POEMS Syndrome Blood Disorder

Laboratory technician holding test tubes containing blood samples
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POEMS syndrome is a blood disorder that affects many parts of the body and causes many symptoms. It affects both men and women and usually begins after age 50, although it may occur at any age. It is not known exactly how often POEMS syndrome occurs because it is difficult to diagnose correctly. The cause is unknown.


The acronym POEMS stands for:

  • P: polyneuropathy, meaning nerve symptoms such as numbness, tingling, and/or weakness of the hands and feet
  • O: organomegaly, meaning enlarged organs, usually the liver, spleen, or lymph nodes. About 15 percent of individuals with POEMS syndrome have Castleman disease (a lymph node disorder).
  • E: endocrinopathy, meaning changes in hormone production. Symptoms such as diabetes, impotence, stopped menstrual periods (amenorrhea), low thyroid levels (hypothyroidism), and/or breast development in males (gynecomastia) may be present.
  • M: monoclonal gammopathy or monoclonal plasma proliferative disorder, both of which mean abnormal blood protein cells
  • S: skin changes such as increased skin pigment (hyperpigmentation); increased body hair (hypertrichosis) on the face, limbs, and chest; skin thickening and tightening, swelling (edema) of the legs and feet, whitening of the nails.

Individuals may also experience, fatigue, generalized aches, and pains, or changes in vision, among other symptoms.


A diagnosis of POEMS syndrome may be made based on a patient's physical examination and his/her medical history. Blood tests such as a complete blood cell count (CBC) and serum protein immunoelectrophoresis are done to look for abnormalities, as is urine testing. Thyroid hormone levels, blood glucose levels, and estrogen levels in the blood are tested to identify abnormalities. A bone marrow biopsy and/or bone x-rays may be performed to aid in diagnosis.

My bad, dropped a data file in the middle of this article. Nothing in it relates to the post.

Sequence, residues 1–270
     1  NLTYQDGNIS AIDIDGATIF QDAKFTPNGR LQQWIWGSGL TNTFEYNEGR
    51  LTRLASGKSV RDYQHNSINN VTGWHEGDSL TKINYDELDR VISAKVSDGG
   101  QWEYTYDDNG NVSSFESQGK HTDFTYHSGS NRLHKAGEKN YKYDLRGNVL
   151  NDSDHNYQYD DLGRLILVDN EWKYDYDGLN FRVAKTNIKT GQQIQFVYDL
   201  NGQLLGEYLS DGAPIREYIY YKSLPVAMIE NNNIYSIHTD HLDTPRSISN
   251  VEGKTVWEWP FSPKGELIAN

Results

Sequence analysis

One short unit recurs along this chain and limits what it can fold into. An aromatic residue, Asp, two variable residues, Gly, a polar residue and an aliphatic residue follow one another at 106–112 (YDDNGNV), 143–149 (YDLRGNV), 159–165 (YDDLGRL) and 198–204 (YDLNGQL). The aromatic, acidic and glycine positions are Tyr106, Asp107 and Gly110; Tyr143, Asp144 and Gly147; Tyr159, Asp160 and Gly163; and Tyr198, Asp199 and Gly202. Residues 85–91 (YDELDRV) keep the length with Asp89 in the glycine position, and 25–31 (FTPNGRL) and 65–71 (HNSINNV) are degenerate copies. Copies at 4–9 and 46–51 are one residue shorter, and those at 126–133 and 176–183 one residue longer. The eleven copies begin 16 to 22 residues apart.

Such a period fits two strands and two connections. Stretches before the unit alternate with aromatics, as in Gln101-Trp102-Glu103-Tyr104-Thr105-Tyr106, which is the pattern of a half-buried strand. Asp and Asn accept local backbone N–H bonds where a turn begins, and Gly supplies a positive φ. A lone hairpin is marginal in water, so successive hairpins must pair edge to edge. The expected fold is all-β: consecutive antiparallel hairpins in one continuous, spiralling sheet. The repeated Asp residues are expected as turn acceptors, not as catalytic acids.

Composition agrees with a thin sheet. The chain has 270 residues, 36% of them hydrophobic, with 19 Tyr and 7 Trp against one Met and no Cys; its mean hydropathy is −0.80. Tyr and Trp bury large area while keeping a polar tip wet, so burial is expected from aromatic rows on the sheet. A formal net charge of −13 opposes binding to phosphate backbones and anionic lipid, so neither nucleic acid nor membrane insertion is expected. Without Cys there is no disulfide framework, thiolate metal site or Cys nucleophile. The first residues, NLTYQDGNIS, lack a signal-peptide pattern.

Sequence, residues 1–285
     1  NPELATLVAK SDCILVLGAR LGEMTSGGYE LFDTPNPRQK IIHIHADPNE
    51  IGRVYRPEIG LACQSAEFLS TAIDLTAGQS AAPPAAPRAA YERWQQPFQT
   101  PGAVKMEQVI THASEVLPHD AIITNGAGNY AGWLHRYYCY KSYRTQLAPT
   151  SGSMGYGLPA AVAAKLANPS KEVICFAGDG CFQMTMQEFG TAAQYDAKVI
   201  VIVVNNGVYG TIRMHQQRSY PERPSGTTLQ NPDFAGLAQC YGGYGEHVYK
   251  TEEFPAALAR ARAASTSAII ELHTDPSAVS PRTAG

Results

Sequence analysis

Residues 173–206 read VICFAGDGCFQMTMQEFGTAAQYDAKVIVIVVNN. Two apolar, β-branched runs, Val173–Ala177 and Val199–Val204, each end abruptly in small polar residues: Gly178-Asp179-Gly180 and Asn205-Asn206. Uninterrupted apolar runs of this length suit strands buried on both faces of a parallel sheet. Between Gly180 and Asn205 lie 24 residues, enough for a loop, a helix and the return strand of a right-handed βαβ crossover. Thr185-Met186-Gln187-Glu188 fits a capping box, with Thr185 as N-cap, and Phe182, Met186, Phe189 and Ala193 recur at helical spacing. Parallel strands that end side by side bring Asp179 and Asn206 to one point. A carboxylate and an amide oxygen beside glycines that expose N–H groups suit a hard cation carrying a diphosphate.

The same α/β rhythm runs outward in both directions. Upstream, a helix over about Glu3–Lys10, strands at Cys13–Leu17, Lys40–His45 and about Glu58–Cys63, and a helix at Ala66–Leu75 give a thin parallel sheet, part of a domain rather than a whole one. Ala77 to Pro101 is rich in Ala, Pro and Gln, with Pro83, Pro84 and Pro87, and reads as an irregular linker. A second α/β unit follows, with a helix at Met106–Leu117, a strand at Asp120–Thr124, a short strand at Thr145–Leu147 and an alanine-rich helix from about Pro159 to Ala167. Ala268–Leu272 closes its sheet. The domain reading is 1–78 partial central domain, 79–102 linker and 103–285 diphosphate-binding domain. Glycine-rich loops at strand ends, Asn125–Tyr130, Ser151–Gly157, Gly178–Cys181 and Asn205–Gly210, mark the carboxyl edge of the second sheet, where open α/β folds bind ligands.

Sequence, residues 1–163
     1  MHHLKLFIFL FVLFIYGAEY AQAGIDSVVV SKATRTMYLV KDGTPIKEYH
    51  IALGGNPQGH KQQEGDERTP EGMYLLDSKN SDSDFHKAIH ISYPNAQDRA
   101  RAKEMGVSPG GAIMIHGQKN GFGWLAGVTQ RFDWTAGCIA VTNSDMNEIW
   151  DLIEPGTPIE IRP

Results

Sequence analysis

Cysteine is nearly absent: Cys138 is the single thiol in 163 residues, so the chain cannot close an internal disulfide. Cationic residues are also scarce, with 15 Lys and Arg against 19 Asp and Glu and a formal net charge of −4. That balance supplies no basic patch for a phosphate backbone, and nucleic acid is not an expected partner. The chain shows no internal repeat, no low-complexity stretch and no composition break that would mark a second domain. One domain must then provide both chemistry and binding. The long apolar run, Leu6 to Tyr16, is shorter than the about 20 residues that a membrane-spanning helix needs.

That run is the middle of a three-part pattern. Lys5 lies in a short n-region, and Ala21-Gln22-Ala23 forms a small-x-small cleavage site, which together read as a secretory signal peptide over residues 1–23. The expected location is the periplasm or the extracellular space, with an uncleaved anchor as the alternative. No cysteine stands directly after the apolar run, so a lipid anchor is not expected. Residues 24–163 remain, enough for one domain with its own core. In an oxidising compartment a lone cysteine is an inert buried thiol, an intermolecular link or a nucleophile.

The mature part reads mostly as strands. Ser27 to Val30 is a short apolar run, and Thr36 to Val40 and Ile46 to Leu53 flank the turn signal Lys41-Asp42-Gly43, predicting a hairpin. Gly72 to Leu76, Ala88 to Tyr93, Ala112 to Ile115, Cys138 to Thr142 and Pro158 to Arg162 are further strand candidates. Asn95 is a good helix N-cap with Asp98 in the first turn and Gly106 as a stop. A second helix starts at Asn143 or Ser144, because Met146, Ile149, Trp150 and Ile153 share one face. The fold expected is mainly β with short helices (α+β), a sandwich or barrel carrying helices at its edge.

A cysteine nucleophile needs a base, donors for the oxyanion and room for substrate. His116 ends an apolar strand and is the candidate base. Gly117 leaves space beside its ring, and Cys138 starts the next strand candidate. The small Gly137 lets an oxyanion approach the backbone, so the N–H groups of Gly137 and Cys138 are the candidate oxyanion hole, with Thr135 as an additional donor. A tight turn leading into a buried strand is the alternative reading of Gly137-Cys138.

A person is considered to have POEMS syndrome if the “P” (polyneuropathy) and “M” (abnormal blood proteins) are present along with either sclerotic (scarring) bone lesions or Castleman disease. Many individuals will have other symptoms of the syndrome as well. Because many physicians are not familiar with POEMS syndrome, the abnormal blood test results often result in a misdiagnosis of multiple myeloma, or the polyneuropathy symptoms lead to a misdiagnosis of chronic inflammatory demyelinating polyneuropathy (CIDP).


The treatment of POEMS syndrome depends on the treatment of the underlying blood cell disorder. Most individuals receive a combination of treatments such as:

  • Radiation therapy
  • Corticosteroid medications such as prednisone
  • Chemotherapy
  • Hormone replacement of hormones which are too low
  • Physical therapy
  • Bone marrow transplant

Specialists such as a neurologist (nervous system doctor), hematologist (blood disorders doctor), dermatologist (skin doctor), an endocrinologist (hormone gland doctor) are usually involved in the care of an individual with POEMS syndrome.

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Article Sources

  • "Symptoms of POEMS Syndrome." Treatment of POEMS Syndrome at Mayo Clinic. The Mayo Clinic. 22 May 2007
  • Chan, Joanna, & Wingfield Rehmus. "POEMS Syndrome." eMedicine. 15 Dec 2006. WebMD. 22 May 2007
  • Dispenzieri, Angela, Robert A. Kyle, Martha Q. Lacy, S. Vincent Rajkumar, Terry M. Therneau, Dirk R. Larson, Philip R. Greipp, Thomas E. Witzig, Rita Basu, Guillermo A. Suarez, Rafael Fonseca, John A. Lust, & Morie A. Gertz. "POEMS syndrome: definitions and long-term outcome ." Blood 101(2003): 2496-2506.
  • Dispenzieri, Angela. "POEMS Syndrome." Hematology 2005(2005): 360-367.